Year of Publication

2015

Degree Name

Doctor of Philosophy (PhD)

Document Type

Doctoral Dissertation

College

Arts and Sciences

Department

Political Science

First Advisor

Dr. Clayton Thyne

Second Advisor

Dr. Emily Beaulieu

Abstract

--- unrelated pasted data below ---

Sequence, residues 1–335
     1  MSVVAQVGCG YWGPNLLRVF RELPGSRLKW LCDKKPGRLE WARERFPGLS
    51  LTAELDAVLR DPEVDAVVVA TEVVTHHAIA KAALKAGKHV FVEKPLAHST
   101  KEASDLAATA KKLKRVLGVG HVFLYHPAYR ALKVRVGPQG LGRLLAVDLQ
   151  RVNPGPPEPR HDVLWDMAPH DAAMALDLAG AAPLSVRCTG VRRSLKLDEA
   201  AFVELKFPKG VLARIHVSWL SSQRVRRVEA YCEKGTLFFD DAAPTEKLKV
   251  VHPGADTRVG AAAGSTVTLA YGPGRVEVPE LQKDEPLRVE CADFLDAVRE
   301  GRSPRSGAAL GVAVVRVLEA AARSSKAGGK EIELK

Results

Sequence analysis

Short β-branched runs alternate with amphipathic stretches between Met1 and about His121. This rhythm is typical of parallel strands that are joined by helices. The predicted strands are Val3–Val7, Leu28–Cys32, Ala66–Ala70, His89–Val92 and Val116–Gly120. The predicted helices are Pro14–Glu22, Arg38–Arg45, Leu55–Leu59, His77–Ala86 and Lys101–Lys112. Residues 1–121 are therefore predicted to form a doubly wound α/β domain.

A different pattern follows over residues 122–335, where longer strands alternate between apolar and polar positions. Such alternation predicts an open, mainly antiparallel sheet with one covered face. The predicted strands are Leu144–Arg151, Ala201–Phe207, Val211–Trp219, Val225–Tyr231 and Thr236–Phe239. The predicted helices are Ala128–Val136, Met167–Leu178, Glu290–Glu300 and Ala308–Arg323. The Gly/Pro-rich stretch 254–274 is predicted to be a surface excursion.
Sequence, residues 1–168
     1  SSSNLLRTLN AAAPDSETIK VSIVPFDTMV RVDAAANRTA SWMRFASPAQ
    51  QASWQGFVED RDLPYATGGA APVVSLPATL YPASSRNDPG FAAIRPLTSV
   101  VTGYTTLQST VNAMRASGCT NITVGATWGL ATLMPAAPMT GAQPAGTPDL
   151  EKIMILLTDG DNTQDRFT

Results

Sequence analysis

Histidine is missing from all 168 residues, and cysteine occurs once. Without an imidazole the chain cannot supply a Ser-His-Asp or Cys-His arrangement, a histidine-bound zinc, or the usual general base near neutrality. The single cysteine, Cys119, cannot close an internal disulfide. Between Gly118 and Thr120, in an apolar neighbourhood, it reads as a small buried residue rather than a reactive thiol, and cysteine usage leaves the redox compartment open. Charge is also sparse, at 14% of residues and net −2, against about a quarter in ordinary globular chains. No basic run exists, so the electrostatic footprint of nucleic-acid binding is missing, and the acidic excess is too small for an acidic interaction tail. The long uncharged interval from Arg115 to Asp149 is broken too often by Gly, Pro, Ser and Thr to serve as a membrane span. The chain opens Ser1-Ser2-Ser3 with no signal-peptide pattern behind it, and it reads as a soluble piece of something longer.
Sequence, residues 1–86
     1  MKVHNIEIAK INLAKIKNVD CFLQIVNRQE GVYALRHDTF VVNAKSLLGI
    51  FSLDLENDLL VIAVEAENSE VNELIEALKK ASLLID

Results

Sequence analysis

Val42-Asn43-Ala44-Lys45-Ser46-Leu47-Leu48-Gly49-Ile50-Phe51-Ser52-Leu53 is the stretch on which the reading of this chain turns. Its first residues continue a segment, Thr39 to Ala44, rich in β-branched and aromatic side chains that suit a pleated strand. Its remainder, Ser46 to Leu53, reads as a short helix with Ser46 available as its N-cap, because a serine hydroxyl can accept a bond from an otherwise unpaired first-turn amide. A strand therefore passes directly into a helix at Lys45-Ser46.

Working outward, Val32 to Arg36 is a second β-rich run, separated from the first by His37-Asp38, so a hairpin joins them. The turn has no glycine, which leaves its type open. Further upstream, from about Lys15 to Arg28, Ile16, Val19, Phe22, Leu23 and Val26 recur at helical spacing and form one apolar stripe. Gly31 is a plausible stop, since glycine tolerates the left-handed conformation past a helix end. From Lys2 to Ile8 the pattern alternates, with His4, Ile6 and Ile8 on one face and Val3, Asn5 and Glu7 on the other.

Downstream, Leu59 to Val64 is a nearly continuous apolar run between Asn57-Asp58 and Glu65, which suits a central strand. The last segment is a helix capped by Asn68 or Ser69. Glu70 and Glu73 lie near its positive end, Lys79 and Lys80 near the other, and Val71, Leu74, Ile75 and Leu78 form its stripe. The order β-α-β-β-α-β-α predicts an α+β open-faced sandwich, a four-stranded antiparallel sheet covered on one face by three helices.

What conditions give rise to and nurture ethno-nationalist terrorist movements in India? Specifically, can geography create grievances and be beneficial in a terrorist campaign? I investigate how geography prevented historical development in certain locations in India. I theorize that rugged geographic features prevented economic, social, and political development. Underdevelopment and isolation created grievances in the population. Aggrieved groups then utilized the same geographic features that prevented development to launch effective terrorist campaigns. I conduct a district level analysis of terrorism in India using statistical and GIS analysis. I supplement the analysis with case studies from the Indian states of Uttarkhand, Tamil Nadu, and Assam. I also include a case study from Nigeria to demonstrate the applicability of my theory outside of Asia. I find that geographic features, specifically forested terrain, and proximity to international borders impeded development and increased the likelihood of terrorism.

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